Flattening yield curve points to calm about US budget deficit

But those hoping for a great acceleration in the economy will be disappointed

Matthew C. Klein





The famed “bond vigilantes” are clearly unconcerned about the government’s ability to fund its debt issuance. The US government’s real long-term borrowing costs are lower now than they were at the beginning of 2016.

That is not what you would expect if traders were exercised by the prospect of large future budget deficits, nor is it what you would expect if traders were optimistic about the growth Outlook.

There is also useful information in the absolute difference between shorter and longer-term real yields. If 10-year yields are higher than five-year yields, for example, then that probably means traders expect some combination of faster growth and tighter monetary policy in the future relative to today.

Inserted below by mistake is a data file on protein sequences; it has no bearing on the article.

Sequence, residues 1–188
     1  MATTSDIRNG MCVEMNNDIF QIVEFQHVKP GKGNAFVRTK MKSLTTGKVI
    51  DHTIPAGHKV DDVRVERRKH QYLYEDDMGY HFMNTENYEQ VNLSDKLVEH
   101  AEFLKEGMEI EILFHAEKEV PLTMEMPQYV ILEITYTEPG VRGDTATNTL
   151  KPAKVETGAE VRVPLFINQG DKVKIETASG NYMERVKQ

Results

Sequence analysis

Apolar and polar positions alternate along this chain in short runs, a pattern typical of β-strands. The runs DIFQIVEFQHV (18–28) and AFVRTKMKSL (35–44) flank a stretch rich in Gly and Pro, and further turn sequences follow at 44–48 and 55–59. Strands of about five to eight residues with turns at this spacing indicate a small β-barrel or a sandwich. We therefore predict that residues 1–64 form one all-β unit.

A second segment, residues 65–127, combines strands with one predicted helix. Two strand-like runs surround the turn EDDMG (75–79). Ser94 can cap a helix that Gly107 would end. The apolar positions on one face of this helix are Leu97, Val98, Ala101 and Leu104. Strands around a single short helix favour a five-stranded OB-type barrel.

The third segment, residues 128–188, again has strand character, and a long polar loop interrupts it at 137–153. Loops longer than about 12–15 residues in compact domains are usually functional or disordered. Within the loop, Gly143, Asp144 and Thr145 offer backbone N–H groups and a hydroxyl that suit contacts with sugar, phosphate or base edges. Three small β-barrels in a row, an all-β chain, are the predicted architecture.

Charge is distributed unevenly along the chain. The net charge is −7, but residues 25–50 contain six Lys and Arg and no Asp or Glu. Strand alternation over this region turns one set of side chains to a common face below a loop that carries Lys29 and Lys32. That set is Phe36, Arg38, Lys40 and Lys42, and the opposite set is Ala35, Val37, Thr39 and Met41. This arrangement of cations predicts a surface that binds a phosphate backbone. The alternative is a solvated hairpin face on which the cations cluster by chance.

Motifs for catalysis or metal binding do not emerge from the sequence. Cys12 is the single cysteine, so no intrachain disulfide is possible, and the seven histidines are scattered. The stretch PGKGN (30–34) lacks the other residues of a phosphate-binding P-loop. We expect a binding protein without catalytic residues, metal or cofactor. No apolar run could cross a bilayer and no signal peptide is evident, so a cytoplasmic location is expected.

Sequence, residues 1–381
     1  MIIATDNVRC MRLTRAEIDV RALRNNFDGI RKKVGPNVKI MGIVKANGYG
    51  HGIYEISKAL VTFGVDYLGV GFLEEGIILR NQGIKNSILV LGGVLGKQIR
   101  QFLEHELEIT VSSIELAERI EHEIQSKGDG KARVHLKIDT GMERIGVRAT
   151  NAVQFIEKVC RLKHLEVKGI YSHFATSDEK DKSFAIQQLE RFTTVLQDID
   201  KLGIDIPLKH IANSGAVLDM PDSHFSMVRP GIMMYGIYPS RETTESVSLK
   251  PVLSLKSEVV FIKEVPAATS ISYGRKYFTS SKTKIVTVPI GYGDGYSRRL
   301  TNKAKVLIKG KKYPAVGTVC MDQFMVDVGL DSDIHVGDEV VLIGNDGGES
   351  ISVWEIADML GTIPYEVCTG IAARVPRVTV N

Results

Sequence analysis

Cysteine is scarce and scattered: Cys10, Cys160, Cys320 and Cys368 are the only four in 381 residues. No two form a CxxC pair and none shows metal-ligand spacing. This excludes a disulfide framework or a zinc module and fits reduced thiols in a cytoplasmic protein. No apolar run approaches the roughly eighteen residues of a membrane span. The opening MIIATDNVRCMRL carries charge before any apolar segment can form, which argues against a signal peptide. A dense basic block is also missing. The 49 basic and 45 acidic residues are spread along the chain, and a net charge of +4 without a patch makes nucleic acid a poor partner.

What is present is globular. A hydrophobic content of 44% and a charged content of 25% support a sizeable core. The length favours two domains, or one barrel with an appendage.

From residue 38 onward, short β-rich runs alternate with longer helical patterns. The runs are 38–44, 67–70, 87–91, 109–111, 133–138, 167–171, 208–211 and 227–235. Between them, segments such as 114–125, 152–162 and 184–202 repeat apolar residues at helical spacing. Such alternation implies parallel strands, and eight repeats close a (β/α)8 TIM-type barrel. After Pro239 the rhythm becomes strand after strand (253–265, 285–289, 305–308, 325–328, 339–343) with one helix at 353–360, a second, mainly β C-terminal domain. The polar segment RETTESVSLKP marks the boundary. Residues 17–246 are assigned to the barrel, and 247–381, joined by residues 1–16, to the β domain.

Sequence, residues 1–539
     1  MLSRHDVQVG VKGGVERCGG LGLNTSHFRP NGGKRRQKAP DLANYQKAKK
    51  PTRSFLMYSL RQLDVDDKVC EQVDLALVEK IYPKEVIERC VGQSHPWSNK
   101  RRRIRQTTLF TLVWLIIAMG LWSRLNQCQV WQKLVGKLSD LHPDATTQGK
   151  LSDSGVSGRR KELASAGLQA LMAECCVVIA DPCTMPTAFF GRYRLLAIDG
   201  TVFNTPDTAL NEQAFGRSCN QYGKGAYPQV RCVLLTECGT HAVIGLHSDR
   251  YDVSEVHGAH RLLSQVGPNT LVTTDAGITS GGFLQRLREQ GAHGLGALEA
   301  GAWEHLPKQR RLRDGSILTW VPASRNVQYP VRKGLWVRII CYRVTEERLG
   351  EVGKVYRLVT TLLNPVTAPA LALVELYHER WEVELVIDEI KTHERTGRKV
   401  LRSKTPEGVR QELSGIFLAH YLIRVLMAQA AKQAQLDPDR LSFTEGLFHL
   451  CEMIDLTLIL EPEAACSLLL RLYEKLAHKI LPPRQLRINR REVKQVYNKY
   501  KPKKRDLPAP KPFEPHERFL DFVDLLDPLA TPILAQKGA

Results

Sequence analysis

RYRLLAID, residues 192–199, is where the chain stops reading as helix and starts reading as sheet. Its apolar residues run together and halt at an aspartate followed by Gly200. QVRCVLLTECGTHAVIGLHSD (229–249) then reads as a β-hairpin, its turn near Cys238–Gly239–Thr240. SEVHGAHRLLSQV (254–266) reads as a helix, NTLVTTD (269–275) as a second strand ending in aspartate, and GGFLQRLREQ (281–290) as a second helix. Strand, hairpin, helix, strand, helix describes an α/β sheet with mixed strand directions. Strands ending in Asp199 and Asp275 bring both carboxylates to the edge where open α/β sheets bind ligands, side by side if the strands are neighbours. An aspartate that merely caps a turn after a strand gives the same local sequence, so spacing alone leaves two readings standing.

During the worst of the crisis, the real yield curve was deeply inverted — real 10-year rates were about 1.5 percentage points lower than real 5-year rates. By early 2010, the prospect of monetary and fiscal stimulus had pushed 10-year real rates about 1 percentage point above 5-year real rates. This spread stayed around that level until the end of 2013. In the past year it has collapsed to zero.

This curve flattening does not necessarily mean recession is imminent, but it also suggests the future will not be much different from the way things are right now. Market pricing implies those hoping for a great acceleration will be disappointed. The better future promised in the past has already arrived.

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